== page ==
9. THANK YOU THANK YOU THANK YOU THANK YOU!!!! I’m taking my GRE (Graduate Record Examination) tomorrow, and this is EXACTLY WHAT I NEEDED TO READ!!!!!!! I’ve been terrified about the competitive nature of graduate school admissions and thinking that maybe I’m not good enough to get a Ph.D, to even get into a program, so this encouraging article was the perfect thing to help correct my mindset 🙂 🙂

  10. Good things to apply to life, here in this post.

    Happy Independence Day, groks and grokettes!

  11. Yes, Oh Yes. I constructed an image of myself during my childhood and that image, which I changed only slightly thoughout my life, stopped me form seeing or even being aware of the wonderful opportunities within and around me. It still does. Now you have given me a way to see if changed.

  12. Like others have said here – thank you for this post! It’s very timely

  13. Very inspiring, like it a lot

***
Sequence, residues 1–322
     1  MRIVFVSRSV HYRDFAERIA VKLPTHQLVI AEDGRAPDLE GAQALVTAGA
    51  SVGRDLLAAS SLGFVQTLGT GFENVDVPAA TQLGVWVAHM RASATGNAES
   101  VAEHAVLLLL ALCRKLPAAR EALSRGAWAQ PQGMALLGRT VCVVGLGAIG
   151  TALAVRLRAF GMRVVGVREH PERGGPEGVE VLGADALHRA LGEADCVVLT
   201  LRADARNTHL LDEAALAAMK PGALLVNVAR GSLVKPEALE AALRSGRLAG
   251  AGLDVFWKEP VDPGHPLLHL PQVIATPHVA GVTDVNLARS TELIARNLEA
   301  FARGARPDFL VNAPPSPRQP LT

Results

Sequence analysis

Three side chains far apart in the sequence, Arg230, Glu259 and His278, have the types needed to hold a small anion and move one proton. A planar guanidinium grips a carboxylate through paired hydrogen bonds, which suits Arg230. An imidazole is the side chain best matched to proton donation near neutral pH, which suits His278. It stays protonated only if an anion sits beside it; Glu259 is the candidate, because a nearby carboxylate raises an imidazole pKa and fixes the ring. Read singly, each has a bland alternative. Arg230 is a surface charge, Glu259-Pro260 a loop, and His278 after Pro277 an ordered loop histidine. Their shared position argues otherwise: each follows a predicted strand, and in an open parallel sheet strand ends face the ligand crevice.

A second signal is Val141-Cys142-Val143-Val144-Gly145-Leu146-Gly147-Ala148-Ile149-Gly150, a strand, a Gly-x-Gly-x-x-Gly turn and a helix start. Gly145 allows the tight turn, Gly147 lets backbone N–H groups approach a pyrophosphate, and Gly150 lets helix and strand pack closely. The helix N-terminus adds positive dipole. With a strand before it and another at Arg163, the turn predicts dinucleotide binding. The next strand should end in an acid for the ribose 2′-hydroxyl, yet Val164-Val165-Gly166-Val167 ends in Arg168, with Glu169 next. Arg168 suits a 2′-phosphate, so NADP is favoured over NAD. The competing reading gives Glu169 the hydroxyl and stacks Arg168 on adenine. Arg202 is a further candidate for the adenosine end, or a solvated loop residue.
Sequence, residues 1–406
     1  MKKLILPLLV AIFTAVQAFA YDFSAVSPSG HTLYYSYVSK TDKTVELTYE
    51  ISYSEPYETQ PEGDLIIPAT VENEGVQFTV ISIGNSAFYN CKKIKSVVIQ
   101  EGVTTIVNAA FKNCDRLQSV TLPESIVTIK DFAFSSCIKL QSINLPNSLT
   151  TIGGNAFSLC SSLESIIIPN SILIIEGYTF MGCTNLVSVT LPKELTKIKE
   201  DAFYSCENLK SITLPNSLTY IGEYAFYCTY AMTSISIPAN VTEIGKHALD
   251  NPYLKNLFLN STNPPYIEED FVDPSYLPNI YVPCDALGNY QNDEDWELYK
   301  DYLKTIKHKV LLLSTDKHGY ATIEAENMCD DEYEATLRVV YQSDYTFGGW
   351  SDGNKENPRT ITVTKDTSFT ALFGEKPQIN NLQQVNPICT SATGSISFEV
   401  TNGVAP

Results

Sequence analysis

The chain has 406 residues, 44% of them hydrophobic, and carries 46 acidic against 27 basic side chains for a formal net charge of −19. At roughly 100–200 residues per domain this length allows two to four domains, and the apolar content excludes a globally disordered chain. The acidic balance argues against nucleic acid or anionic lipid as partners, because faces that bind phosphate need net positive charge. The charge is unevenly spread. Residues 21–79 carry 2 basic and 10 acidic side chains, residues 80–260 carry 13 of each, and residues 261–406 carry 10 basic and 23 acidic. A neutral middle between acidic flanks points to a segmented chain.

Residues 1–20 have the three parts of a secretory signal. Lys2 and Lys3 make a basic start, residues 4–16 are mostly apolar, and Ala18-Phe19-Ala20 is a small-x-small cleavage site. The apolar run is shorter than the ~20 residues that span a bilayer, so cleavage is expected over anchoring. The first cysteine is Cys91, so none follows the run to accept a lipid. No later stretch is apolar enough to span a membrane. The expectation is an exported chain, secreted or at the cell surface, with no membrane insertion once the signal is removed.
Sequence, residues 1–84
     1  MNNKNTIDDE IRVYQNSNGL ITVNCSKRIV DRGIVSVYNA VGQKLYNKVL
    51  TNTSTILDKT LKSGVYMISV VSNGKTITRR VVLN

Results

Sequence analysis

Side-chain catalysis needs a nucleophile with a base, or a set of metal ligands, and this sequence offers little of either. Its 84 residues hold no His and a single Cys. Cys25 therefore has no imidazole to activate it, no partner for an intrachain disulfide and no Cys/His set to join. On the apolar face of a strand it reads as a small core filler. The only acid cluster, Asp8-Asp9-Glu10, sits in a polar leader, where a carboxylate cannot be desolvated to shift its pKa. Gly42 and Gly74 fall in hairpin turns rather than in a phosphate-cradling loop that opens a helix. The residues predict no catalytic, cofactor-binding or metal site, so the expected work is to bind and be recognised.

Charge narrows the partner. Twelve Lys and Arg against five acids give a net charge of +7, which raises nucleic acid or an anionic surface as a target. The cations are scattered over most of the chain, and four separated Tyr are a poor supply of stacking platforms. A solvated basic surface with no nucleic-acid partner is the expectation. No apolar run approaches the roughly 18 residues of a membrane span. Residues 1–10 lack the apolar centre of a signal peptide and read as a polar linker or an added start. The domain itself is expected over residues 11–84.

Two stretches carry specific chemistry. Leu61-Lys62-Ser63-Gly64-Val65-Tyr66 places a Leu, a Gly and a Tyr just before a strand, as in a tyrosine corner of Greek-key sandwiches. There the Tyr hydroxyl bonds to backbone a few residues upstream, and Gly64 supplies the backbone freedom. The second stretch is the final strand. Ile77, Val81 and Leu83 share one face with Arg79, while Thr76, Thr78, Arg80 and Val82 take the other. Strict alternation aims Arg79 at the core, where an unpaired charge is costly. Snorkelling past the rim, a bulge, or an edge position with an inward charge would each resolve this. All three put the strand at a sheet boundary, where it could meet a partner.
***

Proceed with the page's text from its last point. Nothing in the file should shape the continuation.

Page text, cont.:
I would edit this line:

    Accept being uncomfortable and lean into the self-defeating parts until you’ve managed to diffuse their influence. Then let it all go.

    As this:

    Accept being uncomfortable and don’t sweat over self-defeating parts until you’ve managed to diffuse their influence. Then let it all go.

    1. “Lean into the self-defeating parts” is my favorite part of the post. I think facing our pitfalls is critical. The metaphor of leaning in resonates with me.

      1. …though I also like the idea of “diffusing the influence” of our self-defeating behaviors.